19 October 2010
Secretary-General
SG/SM/13189
HR/5035

Department of Public Information • News and Media Division • New York

Hailing Council of Europe as Key Partner in Effort to Universalize Fundamental


Rights, Secretary-General Says ‘Human Rights for All Not an Impossible Dream’


Following is UN Secretary-General Ban Ki-moon’s address to the Council of Europe in Strasbourg today, 19 October:


It is a great honour to join you in celebrating the sixtieth anniversary of the European Convention on Human Rights.


Let me begin by stating a very obvious fact:


I am not here to speak to you, but with you — to draw strength from our dialogue that stretches through the decades and that has improved lives and enlarged freedom.


The Council of Europe is a key partner of the United Nations in our shared global quest, united behind the principle of all human rights, for all people.


From your founding in 1949, through the fall of the Berlin Wall, the Council has been a steadfast champion; a beacon of democracy in a divided Europe.


In the past 20 years, you have guided new democracies along the path of human rights and fundamental freedoms.


Europe’s example of peaceful change through ever-closer integration has been a source of global inspiration.


Yet in too many parts of the world, similar progress remains a distant dream.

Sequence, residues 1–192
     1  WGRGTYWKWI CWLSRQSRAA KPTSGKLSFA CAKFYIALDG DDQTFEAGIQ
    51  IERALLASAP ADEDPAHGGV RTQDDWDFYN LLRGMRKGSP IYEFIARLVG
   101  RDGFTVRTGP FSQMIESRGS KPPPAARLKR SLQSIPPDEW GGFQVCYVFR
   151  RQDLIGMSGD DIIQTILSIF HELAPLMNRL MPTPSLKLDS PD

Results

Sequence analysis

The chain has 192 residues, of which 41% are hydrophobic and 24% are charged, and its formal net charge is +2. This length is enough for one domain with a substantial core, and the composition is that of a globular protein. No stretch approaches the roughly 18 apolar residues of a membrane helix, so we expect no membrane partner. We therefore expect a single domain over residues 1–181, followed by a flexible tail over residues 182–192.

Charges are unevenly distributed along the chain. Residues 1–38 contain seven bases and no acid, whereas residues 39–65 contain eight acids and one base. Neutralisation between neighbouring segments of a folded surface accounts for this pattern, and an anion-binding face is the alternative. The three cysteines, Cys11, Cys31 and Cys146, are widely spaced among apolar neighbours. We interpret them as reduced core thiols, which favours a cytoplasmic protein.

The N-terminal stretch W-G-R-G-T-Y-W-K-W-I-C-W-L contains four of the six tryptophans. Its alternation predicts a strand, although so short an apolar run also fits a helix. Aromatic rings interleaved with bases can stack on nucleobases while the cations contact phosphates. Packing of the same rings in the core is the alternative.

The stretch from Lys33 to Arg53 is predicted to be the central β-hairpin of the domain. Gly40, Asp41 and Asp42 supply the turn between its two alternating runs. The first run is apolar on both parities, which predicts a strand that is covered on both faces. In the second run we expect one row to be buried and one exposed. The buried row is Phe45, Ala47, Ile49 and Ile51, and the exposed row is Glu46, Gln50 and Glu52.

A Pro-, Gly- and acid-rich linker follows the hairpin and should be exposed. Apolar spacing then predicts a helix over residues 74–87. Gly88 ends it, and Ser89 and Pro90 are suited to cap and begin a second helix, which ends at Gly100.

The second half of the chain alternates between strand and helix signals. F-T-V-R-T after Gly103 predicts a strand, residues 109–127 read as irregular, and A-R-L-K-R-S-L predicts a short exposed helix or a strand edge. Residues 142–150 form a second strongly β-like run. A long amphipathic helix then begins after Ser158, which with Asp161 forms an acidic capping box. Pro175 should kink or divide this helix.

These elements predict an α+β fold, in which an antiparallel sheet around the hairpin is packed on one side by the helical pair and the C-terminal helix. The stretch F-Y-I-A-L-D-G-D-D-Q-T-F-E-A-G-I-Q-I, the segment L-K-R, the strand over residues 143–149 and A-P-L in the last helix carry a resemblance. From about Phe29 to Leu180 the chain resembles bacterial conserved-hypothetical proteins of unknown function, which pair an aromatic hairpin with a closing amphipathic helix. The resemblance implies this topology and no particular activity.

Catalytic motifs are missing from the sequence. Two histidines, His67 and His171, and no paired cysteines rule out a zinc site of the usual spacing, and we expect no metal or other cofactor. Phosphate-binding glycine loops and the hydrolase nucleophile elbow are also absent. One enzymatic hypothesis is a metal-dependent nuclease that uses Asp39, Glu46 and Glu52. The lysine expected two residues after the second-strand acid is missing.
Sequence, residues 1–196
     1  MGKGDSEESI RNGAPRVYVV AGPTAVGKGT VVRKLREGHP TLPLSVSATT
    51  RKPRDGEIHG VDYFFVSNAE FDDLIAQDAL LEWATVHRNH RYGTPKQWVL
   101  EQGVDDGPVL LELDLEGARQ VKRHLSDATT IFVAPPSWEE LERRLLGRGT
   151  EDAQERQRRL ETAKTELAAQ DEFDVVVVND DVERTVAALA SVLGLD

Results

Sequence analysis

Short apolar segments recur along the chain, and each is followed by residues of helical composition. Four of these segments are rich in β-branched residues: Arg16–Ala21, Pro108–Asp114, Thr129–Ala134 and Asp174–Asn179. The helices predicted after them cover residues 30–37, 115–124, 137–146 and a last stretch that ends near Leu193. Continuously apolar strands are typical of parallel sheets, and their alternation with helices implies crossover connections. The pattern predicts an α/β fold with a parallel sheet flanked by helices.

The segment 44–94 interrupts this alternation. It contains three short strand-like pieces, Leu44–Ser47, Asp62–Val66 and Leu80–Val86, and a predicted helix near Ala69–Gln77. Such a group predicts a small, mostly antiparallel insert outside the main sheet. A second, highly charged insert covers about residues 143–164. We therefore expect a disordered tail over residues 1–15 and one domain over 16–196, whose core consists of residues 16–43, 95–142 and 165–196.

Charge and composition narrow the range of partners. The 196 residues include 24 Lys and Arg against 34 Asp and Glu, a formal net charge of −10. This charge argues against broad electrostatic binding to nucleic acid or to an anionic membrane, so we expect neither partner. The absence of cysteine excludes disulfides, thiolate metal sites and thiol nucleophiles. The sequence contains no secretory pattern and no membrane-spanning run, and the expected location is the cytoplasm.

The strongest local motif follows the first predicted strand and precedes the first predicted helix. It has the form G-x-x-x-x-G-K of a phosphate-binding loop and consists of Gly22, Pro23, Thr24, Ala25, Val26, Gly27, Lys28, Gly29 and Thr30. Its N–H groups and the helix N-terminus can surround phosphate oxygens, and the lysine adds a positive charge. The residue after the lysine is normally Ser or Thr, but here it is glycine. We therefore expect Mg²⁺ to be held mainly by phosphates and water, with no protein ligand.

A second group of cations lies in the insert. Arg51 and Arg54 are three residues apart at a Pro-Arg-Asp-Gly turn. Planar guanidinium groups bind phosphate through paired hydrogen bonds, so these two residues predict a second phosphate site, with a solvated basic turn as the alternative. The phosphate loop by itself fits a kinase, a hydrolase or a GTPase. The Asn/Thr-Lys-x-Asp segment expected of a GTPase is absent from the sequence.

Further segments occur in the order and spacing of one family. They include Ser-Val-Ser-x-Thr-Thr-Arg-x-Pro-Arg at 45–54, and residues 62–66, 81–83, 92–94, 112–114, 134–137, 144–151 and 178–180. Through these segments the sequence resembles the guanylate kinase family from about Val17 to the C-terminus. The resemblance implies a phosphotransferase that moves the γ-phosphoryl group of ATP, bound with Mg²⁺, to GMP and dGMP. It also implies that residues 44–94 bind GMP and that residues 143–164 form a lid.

One of the cardinal missions of the United Nations is to shine the light of human rights everywhere, including the darkest corners of the world.


We do so as a matter of principle.


As the Universal Declaration of Human Rights proclaims, and I quote:  “Recognition of the inherent dignity … and of the equal and inalienable rights of all members of the human family is the foundation of freedom, justice and peace in the world.”


That is our base line.  That is our standard.  There are no exceptions.  In a complicated and connected world, this mission is essentially simple and simply essential.


La Déclaration de Vienne, adoptée en 1993 à la Conférence mondiale sur les droits de l’homme, fut un des événements marquants de l’après-guerre froide.


L’Est et l’Ouest, longtemps en opposition au sujet des droits de l’homme et de tant d’autres choses, s’étaient mis d’accord sur un plan d’action ambitieux.